News Bits

Four items from the Center for Education and Research in Information Assurance and Security (CERIAS) at Purdue University:

From that page:

Extraordinary changes in the way we do business and lead our lives in the ever-connected world of the future will create tremendous security challenges. These challenges will be shaped by many of today's emerging trends: the rapid acceleration of network speed, connectivity and the overall number of devices; the removal of the human element from many everyday transactions; and easier and cheaper collection of public and private information. More than ever before, we will demand security solutions that enable businesses to thrive and private information to be protected. Accenture has just released the Security Call to Action and executive summary, from the 15 security experts who participated in the CERIAS Security Vision Roundtable. This two-day event, jointly sponsored by Accenture and the Purdue University CERIAS (Center for Education and Research in Information Assurance and Security), brought together both industry pioneers as well as information security leaders experts at some of the largest and most influential companies in the world. The report includes a Call to Action and a list of the key trends affecting security over the next decade. The bottom-line is that doing security right requires the greater community of business leaders, technologists, educators and political leaders to look seriously at this Call to Action and to commit resources and energy to help lead us all to a more secure world. Accenture is the new name for Andersen Consulting as of January 1, 2001.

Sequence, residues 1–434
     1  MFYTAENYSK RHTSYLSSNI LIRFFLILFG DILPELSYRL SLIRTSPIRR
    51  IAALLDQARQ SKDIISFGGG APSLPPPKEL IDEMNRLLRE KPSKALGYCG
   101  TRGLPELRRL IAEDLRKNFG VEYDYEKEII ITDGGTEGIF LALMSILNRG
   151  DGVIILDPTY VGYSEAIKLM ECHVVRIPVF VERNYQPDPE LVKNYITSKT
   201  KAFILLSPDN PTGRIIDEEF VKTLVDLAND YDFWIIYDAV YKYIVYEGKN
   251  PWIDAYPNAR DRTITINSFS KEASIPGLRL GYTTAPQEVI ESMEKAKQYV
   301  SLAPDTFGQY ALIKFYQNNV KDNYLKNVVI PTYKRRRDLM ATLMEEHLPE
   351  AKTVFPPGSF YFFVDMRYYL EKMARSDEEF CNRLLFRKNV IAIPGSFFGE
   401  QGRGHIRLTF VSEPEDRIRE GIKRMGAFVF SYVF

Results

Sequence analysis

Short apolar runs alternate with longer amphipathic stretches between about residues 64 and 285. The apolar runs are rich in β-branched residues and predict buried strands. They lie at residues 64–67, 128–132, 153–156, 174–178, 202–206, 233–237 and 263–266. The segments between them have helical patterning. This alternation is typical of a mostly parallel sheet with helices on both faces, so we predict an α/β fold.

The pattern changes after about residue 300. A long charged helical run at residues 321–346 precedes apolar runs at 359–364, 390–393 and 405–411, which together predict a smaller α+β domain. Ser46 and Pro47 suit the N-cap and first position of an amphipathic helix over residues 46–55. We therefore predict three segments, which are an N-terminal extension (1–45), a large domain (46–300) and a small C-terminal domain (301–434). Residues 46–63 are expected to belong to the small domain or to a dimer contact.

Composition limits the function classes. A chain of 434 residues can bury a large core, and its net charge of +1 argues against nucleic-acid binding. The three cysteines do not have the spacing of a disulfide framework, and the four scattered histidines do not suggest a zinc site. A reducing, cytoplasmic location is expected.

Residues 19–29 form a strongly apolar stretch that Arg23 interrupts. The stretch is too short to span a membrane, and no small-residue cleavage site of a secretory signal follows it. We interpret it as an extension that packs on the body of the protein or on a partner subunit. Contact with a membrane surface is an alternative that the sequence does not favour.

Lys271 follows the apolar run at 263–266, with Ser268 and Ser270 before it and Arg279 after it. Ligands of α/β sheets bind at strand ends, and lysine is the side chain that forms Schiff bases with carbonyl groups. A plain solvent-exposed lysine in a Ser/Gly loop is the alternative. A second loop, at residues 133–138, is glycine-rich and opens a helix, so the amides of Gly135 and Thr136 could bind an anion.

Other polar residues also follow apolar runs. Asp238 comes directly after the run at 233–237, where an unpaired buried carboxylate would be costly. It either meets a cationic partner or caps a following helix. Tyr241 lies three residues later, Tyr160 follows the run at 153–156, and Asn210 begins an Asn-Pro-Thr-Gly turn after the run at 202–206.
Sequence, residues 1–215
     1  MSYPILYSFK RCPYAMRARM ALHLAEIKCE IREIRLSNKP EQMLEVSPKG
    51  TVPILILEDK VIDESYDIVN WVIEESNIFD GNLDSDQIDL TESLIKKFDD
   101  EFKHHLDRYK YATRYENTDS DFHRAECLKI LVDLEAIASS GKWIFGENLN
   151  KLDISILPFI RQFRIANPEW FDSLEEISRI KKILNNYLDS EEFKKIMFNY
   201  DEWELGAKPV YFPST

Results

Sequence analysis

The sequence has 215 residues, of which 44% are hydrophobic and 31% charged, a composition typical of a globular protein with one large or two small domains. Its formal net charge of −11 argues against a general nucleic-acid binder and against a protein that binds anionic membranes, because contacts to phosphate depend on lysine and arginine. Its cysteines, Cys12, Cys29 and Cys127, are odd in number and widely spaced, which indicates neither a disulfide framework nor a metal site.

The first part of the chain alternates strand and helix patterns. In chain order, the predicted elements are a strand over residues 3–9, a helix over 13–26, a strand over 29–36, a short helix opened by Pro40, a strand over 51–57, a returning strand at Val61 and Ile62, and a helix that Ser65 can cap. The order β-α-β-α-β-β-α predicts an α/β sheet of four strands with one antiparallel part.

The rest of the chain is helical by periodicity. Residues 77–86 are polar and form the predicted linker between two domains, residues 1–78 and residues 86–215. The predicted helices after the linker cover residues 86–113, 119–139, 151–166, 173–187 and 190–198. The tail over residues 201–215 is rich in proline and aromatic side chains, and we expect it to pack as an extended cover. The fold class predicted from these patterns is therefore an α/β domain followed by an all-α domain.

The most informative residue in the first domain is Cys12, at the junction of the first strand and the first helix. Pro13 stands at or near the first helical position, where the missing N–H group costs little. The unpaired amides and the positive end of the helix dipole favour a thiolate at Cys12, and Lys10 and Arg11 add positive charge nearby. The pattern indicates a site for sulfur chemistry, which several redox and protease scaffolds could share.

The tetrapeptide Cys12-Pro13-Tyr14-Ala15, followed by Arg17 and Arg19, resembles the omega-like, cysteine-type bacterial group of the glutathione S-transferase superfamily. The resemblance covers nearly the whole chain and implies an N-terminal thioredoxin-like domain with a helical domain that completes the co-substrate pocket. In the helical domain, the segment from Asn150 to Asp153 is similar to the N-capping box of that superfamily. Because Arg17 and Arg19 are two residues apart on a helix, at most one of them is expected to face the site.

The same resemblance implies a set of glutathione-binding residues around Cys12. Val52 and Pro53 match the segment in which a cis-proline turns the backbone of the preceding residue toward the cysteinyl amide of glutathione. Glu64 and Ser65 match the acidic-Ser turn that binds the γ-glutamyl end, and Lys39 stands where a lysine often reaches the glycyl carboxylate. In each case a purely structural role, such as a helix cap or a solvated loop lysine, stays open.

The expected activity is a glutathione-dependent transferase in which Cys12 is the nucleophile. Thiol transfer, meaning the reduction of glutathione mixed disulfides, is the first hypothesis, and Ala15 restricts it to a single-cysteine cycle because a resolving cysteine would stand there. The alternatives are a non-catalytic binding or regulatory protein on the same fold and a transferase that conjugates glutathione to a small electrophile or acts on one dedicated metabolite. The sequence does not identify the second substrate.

Correspondence from Janos A. Csirik:

In contrast with GSM, the 3GPP organisation (responsible for 3G wireless phone standards) is making all of its documents public.  However, the way in which these documents are made public is unlikely to result in immediate gratification for those who would just like to go in and look at the crypto algorithms.  For that reason, I have undertaken to construct a Web page to help cryptographers learn about and study the crypto algorithms for 3G wireless phones.  I believe that the algorithms will receive much more and better scrutiny if it is easy to find them (and other 3G documents that are relevant to them). This page can be found at

Thank you for your attention!

Janos A. Csirik


News Bits contains correspondence, interesting links, non-commercial announcements and other snippets of information the editor thought that Cipher readers might find interesting.  And, like a UCITA protected product, by reading the above page you have already agreed to not hold the editor accountable for the correctness of its contents.